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Getting a job in management

The other day, someone asked me:

Is it true that once in management, you should leave your technical skills behind and focus solely on relationships and communication?

Is management really only about being a hub of communication from direct reports/projects to other management?

Basically, you shouldn’t leave your skills behind.

In order to both be credible as a leader and effectively manage a team of technical people, you need to know technology, speak the language, and be aware of changes in the industry.

But, you shouldn’t expect to code every day, every week, or every month.

You shouldn’t expect to code as part of your day job at all. You don’t want to be the best coder on your team. You want to surround yourself with great coders and help them grow their skills.

In management, your role absolutely shifts from being technical to being an enabler—coaching your team, helping set a vision, making tough but sometimes unpopular decisions. You’re evaluating performance, setting goals, etc.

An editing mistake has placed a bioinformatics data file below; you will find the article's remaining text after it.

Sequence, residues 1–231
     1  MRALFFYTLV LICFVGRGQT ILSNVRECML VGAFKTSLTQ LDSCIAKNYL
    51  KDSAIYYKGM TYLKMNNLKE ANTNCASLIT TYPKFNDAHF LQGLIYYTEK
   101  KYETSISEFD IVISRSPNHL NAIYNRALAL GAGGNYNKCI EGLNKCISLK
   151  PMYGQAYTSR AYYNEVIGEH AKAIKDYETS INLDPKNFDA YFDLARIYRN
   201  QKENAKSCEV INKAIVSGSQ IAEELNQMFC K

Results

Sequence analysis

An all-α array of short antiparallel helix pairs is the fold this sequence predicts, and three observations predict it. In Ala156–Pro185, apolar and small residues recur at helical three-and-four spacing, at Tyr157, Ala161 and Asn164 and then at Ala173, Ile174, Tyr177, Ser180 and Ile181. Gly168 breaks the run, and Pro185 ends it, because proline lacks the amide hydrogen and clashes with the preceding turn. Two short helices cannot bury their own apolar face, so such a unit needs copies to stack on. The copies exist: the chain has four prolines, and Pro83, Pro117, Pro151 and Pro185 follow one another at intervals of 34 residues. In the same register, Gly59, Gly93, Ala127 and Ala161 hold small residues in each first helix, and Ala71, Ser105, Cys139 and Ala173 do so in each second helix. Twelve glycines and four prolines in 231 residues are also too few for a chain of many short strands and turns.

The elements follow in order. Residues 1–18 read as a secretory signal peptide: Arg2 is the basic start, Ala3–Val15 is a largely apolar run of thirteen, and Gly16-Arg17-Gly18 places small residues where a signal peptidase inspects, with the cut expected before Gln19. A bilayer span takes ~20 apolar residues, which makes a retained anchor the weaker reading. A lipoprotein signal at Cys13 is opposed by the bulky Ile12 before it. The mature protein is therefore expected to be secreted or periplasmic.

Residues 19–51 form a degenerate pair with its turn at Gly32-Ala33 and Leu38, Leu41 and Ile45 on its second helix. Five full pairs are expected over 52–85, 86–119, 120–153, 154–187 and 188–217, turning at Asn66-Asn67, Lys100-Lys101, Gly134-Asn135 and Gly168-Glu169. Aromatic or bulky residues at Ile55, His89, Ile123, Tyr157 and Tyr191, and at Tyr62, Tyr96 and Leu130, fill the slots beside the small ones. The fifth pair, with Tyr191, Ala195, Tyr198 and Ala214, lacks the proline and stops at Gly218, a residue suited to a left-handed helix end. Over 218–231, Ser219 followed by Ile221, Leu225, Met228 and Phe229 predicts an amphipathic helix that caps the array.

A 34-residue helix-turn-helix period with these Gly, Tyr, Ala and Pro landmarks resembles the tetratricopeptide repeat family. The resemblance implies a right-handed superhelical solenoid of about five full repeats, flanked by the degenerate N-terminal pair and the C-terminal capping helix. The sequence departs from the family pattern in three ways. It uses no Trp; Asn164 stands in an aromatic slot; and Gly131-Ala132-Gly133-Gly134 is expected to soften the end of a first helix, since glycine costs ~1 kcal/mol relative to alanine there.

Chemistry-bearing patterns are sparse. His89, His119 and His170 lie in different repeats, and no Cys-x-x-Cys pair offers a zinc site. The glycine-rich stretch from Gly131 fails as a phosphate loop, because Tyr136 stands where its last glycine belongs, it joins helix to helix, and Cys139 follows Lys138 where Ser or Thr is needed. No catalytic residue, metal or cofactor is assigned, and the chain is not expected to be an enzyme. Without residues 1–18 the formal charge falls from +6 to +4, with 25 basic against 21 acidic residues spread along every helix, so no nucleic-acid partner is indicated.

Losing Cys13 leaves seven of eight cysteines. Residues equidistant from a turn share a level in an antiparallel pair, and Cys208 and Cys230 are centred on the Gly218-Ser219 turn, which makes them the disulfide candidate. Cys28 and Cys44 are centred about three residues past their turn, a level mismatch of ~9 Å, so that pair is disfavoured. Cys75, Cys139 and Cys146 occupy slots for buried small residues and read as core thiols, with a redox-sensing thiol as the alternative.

Personally, I have zero interest in that, and will stay non-management for the foreseeable future.

The best companies I’ve worked for offer technical paths that pay as much as management roles without the burden of managing people. These are often “Principal” or “Advisory” roles, where you’re mentoring other developers and providing strategic technology expertise rather than doing the day-to-day grind of managing people.

If you found this helpful, check out my book, “The Web Developer Career Guide.”

Have any questions or comments about this post? Email me at or contact me on Twitter at @ChrisFerdinandi.